No, I’m not talking about smoking blunts on the Malecón (File under: Not Gonna Happen). Nor am I talking about the rock-throwing barbarity found in other latitudes – even at their most dogmatic and agitated, Cubans are more prone to throwing eggs and barbs and Santería spells than something that would directly, physically harm another human being.
Anyone who is following developments in Cuba knows to which watershed event this post refers: the Rolling Stones are going to rock Havana on March 25th; that’s what I’m talking about.
Rumors started flying about the possibility of a Stones show here even before Mick Jagger dropped in for a visit last October. But rumor-mongering and gossip – the ‘national sport’ – are rife here regardless of time or circumstance. We dared not imagine that such a huge, historic, and real rock ‘n roll concert by a band so legendary (for the record: Cubans have always preferred Zeppelin to the Stones) would actually be transformed into reality. The Stones in Cuba fell into the realm of ‘when the embargo is lifted’ – something people talk about rhetorically, dreamily (also for the record: the embargo is still 100% in effect). Until it’s actually upon us.
Soon, very soon, it will be upon us. And Cubans aren’t talking about anything else.
Oh wait. There’s a different, history-in-the-making visit which is also going to be upon us shortly: the first standing US President (I met Carter on one of his post-Oval Office trips here) since 1928 will set foot in Cuba. I’m sure you’ve heard. And some readers must be wondering how Cubans feel about it. At Cuba Libro we have the opportunity to ask hundreds of Cubans from all walks of life what they think about any given topic on a regular basis. So we’ve started asking. And listening.
First off, everyone agrees it’s a milestone, historic, maybe even a game-changer. Second, everyone here in Havana gets excited for such high-level visits, be it Pope or President, because it means streets will be paved and houses painted on the official route the dignitary will traverse – just yesterday an 88-year old Cuban granny offered this precise opinion, unprompted. Third, the Obamas are rock stars; Cubans are, on the whole, faranduléros, no matter if it’s Barack or Beyoncé, Rihanna or Raúl, they chase stars like the most ravenous paparazzi. Furthermore, the presidential couple will bring lots of press and TV crews and attention to Cuba and if there’s one thing Cubans love, it’s attention.
So as a good friend from NY said after the December 17th normalization announcement: ¡Obámanos!
Yet there’s a cost, a downside to all this attention and fanfare. Public transportation will be disrupted in a massive, isn’t-life-here-tough-enough? way; liquor sales with be suspended for at least a day, likely more in this case; cultural activities will be cancelled or re-scheduled; and the overwhelming majority of us will never catch a glimpse of the visiting luminary (though Cubans are already capitalizing on this visit with their archetypical humor: check out these magnets now for sale in Old Havana!)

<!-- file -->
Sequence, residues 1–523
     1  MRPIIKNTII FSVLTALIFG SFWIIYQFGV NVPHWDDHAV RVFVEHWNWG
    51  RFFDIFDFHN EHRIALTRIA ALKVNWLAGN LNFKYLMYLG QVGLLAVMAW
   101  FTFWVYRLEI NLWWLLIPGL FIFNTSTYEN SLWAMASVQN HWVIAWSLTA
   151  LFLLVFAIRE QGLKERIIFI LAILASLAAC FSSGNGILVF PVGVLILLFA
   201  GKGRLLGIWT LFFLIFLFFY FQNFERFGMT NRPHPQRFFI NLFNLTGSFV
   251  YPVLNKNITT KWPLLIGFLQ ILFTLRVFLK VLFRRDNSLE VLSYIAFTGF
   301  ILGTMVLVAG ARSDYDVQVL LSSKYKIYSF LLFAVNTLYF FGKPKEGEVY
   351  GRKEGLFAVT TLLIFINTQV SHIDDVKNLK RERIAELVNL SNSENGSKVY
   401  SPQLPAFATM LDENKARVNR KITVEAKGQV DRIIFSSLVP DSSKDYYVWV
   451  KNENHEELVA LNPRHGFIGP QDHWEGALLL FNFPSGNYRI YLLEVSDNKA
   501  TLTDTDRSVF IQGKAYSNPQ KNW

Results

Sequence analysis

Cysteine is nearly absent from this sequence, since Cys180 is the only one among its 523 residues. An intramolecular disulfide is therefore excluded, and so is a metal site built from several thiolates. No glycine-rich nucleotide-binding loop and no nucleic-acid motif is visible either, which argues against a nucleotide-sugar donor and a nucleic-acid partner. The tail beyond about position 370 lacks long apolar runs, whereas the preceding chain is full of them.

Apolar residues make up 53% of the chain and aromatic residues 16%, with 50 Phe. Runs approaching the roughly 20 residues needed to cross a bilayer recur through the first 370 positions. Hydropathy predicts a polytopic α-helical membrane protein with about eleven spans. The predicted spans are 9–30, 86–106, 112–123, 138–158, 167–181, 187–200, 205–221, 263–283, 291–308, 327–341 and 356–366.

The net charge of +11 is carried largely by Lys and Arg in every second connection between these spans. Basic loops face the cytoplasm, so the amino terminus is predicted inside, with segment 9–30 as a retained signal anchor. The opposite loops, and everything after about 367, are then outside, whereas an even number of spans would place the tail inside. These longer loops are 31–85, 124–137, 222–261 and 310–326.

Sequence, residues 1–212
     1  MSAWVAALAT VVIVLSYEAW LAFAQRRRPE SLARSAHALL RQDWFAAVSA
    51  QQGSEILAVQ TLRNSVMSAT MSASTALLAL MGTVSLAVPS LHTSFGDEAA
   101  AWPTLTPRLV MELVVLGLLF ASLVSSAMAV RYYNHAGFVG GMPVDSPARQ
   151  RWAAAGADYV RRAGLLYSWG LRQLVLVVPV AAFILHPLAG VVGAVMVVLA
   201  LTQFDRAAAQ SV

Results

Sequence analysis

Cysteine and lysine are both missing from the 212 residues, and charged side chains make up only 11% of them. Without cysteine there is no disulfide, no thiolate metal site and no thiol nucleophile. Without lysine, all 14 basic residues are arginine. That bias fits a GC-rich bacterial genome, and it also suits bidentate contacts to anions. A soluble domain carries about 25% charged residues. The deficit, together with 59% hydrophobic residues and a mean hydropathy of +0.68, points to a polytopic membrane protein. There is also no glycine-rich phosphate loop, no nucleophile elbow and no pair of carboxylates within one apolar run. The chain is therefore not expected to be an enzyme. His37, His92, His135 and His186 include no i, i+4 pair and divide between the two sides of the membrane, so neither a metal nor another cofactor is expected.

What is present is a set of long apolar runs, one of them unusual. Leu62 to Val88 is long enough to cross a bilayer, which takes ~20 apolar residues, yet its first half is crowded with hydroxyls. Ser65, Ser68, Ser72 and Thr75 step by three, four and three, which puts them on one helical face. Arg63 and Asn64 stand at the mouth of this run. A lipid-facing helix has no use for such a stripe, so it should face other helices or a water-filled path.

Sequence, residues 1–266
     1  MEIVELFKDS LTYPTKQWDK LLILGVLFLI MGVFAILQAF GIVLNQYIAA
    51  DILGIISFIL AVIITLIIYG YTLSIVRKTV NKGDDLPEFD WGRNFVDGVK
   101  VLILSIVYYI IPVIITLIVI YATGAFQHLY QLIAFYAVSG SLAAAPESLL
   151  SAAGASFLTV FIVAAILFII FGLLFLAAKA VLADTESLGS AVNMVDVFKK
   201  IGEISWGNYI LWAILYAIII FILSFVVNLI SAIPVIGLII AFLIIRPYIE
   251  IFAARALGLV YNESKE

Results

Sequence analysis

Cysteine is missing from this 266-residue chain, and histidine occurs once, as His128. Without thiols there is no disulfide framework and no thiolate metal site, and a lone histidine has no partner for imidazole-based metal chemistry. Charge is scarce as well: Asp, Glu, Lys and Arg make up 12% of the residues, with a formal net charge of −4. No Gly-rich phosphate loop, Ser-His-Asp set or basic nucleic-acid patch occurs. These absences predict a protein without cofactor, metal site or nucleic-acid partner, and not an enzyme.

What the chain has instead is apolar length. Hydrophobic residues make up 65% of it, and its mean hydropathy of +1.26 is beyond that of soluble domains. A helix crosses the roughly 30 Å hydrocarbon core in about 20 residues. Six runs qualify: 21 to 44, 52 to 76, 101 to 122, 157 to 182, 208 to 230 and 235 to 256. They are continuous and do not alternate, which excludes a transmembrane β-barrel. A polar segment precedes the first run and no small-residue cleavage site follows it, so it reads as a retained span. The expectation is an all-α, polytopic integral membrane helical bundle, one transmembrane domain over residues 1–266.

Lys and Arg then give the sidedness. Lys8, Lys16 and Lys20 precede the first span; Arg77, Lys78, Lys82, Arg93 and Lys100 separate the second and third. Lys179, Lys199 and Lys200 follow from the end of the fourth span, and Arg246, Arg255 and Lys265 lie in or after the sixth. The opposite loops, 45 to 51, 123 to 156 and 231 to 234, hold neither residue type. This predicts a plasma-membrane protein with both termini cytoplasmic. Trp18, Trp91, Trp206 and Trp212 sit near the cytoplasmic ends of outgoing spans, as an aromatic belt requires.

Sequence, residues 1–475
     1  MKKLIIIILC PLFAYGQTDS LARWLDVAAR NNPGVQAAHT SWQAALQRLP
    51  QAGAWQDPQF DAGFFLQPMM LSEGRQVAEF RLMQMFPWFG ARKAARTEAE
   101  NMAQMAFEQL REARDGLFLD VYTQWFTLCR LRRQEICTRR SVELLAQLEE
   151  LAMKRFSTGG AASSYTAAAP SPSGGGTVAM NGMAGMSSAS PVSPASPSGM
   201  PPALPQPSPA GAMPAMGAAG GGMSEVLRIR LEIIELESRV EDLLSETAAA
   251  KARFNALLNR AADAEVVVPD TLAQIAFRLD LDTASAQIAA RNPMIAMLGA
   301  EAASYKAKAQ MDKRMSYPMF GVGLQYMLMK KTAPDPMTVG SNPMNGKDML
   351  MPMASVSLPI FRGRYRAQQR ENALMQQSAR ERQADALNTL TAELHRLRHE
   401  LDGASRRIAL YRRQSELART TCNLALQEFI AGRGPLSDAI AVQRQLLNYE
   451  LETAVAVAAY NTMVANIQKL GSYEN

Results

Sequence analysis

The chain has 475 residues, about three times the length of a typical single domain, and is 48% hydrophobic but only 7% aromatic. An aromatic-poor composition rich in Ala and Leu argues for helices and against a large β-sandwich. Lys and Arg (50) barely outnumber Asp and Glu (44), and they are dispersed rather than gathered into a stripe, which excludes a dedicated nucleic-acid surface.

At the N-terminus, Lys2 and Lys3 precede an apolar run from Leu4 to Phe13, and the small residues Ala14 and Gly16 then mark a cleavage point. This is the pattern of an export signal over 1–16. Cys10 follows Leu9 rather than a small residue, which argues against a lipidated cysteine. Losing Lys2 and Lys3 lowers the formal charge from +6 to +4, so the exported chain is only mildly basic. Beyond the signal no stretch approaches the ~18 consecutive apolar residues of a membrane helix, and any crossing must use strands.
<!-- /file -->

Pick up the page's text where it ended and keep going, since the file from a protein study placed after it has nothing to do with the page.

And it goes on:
But make no mistake: Obama’s trip visit is just the appetizer. The pollo of the ‘arroz con pollo’ is the free Rolling Stones concert for el pueblo cubano (as I write this, I hear the first mention of the Stones concert in Cuba on Sirius-XM radio. Cue the goosebumps). We’ve had similar giant, free concerts in the past – Audioslave, Calle 13, Rick Wakeman, Fito Paez, Air Supply (I know, I know. Believe me, I know the Cuban penchant for cheesy American pop). None of these concerts ca compare to the Glimmer Twins, Charlie and Ronnie. THE Rolling Stones!
What Cubans are most concerned with is access to the venue and the crowd-control question. Cubans are experts at state security – they’ve thwarted over 600 attempts on Fidel Castro’s life, after all – they aren’t that adept at controlling cultural crowds. I’ve seen cinema doors broken down by surging masses trying to get in to the premier of Minority Report and I was locked inside the Casa de la Música when rioting crowds tried to bust down the doors to see The Roots. I predict a shit show to enter and exit The Stones concert. Roads will be closed, security will be tight and bags will be searched. We’re not talking Altamont here (see aforementioned egg/barb-throwing observation), but leave plenty of time to arrive and leave, cógelo suave, and remember: we’re all damn lucky to be here, now.
People near and far are beyond excited for this concert. For months I’ve been fielding questions on my Facebook page, at Cuba Libro, and via email about this monumental musical event. Now that details are coming to light, most people want to know how they can avoid the lines and crowds. It’s a good question; people are coming from Miami, Mexico, Camagüey and más allá for this show and there isn’t going to be enough room at the inn (5,000 Havana hotel rooms have been requested for Obama’s visit just two days before, which means 5,000 people who think they will sleep in Havana those days will actually be whisked to Varadero, regardless of what their reservation receipt says. Official emails to this effect are making the rounds already).
The question we’re fielding, publicly to our Cuba Libro community, is: given the choice, who would you rather visit our innovative, visionary project – Keith Richards or Barack Obama? So far, the legendary guitar player is in the lead by a nose. Except if the visit is Barack and Michelle. If she’s in the mix, most Cubans vote for the Obamas. No one, it should be noted, has yet asked if a visit to Cuba Libro would be Keith and Mick.
I leave you all to ponder the greater socio-political implications of our poll’s results. Stay tuned!